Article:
With aging baby boomers getting pushed out of their jobs early, age discrimination claims with the EEOC are up a staggering 38%, according to new statistical data compiled by the U.S. Equal Employment Opportunity Commission. Last year, 22,857 people filed age-related complaints with the EEOC, compared with 16,548 in 2006.
For in-house counsel, the data begs the question: Is your company engaging in subtle age discrimination without even realizing it?
10 Subtle Forms of Age Discrimination
Here are ten situations that could potentially land your company in legal hot water for age discrimination:
When the going gets tough, the company lets go of the oldest workers first, because the oldest workers are making the highest salaries after having been with the company the longest. Alternatively, the company lets go of older workers, but retains younger workers, or allows them to transfer.
The company assumes older workers aren't tech savvy, can't keep up with their younger counterparts, or are too set in their ways to be "taught new tricks."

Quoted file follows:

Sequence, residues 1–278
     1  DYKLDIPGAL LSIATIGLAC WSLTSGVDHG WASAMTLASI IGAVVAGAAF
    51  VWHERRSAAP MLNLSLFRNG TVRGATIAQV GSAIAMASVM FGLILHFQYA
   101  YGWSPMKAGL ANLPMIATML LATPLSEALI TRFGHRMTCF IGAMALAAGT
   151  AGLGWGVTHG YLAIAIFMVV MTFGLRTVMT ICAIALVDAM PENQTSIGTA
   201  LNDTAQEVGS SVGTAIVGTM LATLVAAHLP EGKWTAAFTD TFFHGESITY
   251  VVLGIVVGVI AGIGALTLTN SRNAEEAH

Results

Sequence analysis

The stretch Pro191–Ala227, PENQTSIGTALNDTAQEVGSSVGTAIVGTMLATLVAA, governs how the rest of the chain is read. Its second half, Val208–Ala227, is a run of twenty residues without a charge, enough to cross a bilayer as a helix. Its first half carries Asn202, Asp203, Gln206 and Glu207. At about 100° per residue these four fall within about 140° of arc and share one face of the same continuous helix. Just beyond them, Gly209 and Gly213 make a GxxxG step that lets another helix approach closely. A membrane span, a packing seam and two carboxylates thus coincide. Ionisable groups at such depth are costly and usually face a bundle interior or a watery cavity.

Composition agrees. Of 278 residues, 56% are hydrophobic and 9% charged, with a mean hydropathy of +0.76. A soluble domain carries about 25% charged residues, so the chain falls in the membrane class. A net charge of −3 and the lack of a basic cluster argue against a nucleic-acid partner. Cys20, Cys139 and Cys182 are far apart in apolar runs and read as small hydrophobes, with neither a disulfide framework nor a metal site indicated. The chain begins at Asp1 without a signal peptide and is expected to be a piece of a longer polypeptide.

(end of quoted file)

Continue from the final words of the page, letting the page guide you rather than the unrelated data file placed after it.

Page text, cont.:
An employer no longer sends an older worker on business trips, provides membership in professional associations, encourages job-related courses, or otherwise invests in the worker's further professional growth.
A company -- expressing a desire for "new energy," "new blood" or "fresh faces" -- shies away from hiring anyone who looks older than a certain age in order to maintain a youthful company image.
Older workers are given menial, less demanding tasks while younger employees are given the more desirable assignments, projects or leads.
Management only socializes with younger workers and excludes older employees from key meetings.
Younger workers receive more lenient disciplinary treatment than older employees.
The supervisor who is engaging in the wrongful conduct think it's OK because he is older and/or the worker is a "younger old worker" over 40.